State puts campaign on road safety into action
COURTESY VERMONT DEPARTMENT OF HEALTH
13 hrs ago
BURLINGTON – The Vermont Department of Health has launched a new campaign designed to reverse a growing trend in pedestrian and bicyclist deaths on Vermont roadways.
New data released from the National Highway Traffic Safety Administration (NHTSA) show that despite an overall decrease in fatal vehicular crashes, the number of people killed while walking and biking has increased – a trend that Vermont health and transportation officials want thrown into reverse.
About 6,300 pedestrians were killed in the U.S. during 2018 while walking – the highest number since 1990. In Vermont, nine pedestrians were struck and killed while walking along roads in 2017, and 133 pedestrians and 179 bicyclists were hospitalized or went to an emergency department after a crash involving a vehicle.
“Factors such as speed, inattention and impairment among drivers can be fatal for pedestrians and cyclists,” Megan Rigoni, pedestrian safety coordinator with the Vermont Department of Health, said. The actual number of injuries is likely higher, as near misses and crashes where people do not seek medical care are not captured in the data.
Vermonters see walking and biking as healthy ways to get around, and some people rely on them as their only form of transportation. Yet nearly 10 percent of adults said they felt their community was not at all safe, or only slightly safe, for walking.
To help bend the curve, the Health Department and Agency of Transportation launched Watch for Me-VT, a public outreach campaign designed to raise awareness of road safety issues, and to promote multidisciplinary partnerships that assist communities in developing policies and infrastructure changes that support road user safety.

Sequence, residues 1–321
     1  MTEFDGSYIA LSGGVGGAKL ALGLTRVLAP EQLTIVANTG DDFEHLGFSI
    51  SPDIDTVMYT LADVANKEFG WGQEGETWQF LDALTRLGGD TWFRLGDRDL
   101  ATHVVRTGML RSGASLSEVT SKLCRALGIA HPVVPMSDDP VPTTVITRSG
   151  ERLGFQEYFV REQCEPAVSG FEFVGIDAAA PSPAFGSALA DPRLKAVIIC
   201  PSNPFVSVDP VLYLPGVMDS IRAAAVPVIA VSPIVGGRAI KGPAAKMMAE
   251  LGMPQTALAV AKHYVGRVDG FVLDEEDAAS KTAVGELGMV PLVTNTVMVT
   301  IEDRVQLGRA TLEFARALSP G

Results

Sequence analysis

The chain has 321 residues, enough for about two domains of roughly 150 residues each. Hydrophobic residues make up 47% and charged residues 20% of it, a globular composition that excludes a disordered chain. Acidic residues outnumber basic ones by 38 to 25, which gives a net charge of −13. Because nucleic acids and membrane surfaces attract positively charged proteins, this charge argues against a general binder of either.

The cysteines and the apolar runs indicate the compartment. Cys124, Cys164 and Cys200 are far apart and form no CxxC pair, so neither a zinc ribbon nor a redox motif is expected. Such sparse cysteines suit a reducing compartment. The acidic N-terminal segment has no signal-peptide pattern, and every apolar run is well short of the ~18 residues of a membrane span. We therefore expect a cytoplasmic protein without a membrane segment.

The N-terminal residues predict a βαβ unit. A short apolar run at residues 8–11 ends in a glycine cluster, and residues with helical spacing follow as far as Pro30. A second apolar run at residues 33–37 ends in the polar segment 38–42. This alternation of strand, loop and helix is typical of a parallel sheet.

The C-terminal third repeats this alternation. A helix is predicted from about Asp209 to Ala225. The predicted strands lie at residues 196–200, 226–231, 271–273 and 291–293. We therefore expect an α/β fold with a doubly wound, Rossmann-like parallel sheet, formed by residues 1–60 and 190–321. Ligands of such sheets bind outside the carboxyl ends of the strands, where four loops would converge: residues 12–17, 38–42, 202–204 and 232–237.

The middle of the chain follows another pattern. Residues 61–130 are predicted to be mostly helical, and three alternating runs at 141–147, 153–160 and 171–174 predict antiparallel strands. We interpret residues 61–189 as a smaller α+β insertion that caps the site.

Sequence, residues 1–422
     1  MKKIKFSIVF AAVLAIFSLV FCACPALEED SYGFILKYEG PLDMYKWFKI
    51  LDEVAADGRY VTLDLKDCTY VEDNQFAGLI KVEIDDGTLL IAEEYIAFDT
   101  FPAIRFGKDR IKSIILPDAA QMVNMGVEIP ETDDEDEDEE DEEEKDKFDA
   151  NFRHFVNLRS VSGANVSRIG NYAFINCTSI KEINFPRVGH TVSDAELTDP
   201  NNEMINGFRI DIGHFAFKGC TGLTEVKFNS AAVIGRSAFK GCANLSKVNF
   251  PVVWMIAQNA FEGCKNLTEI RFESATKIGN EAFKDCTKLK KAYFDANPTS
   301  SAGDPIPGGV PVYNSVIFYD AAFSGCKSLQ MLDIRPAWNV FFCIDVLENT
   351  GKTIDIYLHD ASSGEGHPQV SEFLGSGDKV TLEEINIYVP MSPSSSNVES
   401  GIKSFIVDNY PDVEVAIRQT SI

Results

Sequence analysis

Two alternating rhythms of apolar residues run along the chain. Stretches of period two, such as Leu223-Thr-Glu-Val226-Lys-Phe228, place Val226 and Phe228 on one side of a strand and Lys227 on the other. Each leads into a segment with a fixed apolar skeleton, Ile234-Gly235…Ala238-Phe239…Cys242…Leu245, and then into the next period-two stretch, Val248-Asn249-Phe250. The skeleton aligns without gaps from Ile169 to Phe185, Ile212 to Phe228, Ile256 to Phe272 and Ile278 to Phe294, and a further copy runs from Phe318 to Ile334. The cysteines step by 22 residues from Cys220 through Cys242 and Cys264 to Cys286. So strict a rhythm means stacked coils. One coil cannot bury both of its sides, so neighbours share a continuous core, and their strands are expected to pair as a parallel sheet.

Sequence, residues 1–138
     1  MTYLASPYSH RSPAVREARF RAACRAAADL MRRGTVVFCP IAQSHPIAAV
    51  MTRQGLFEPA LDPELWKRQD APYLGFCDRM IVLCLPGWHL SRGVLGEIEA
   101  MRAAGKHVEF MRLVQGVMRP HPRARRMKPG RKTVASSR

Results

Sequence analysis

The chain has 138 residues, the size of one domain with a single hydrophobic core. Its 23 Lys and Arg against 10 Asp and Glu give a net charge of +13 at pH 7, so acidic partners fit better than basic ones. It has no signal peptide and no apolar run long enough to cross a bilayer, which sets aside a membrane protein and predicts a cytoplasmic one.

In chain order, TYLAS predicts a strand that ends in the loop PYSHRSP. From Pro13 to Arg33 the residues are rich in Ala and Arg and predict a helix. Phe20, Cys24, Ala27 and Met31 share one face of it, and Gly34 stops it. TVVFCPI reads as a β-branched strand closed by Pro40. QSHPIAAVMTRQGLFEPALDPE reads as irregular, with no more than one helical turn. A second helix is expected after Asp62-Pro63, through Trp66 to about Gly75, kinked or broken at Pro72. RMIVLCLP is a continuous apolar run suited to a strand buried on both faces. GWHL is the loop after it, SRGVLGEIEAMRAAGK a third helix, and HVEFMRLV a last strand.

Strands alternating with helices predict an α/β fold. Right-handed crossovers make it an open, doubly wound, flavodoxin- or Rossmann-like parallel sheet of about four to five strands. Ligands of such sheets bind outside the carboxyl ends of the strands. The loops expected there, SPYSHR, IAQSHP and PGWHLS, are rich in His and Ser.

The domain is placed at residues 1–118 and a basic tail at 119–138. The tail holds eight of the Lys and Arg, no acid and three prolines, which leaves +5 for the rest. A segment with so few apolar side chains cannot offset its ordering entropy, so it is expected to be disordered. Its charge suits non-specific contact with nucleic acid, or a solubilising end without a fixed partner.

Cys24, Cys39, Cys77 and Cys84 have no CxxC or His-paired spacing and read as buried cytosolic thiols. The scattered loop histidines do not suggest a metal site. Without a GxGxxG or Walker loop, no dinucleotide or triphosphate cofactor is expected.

Road safety can be improved through a combination of factors, including design and engineering. Under the state’s Complete Streets policy, municipalities must consider the needs of all roadway users.
Community design that promotes road user safety, and programs, such as Safe Routes to School, helps reduce the number of injuries. These efforts also improve public health through increased physical activity and reduced environmental impacts. In addition, communities can enjoy the economic benefits of being great places to visit, live, work and raise a family.
Drivers are urged to take steps to protect themselves and others on the road. A key factor is reducing vehicle speed. “As drivers, we often forget we are behind the wheel of a massive machine that in an instant can become a deadly weapon,” said Rigoni. “A person driving at a slower speed has more time to react, and a crash is less likely to result in serious injury or death.”
Rigoni said that everyone should take steps to protect themselves, especially young people. “Nearly a third of middle school students report rarely or never wearing a bike helmet,” said Rigoni. “Head injuries are life-altering. Make sure your kids wear a helmet,” Rigoni said, encouraging adults to set the example and model best safety practices.Tips for Drivers:
Slow down. Reduced speed can save a life.
Stay alert and share the road. Take breaks as needed. Practice patience.
Avoid distracted driving. Never text and drive.
Never drive under the influence of alcohol or drugs. Just don’t.
Tips for Pedestrians and Bikers:
Be bright at night. People riding bikes are required to have lights. Use reflective gear — stick reflective tape on your shoes, jacket, backpack or walker, and use a flashlight when walking outside in the dark.
Be predictable. Make eye contact to signal to drivers your intent to cross the street. Use hand signals if you are biking.
Dress to protect. Wear your bike helmet. Walkers should wear shoes with good traction to prevent falls, especially on icy ground.
Walk on sidewalks or facing traffic if there are none.
Bike with the flow of traffic. Use and promote bike lanes.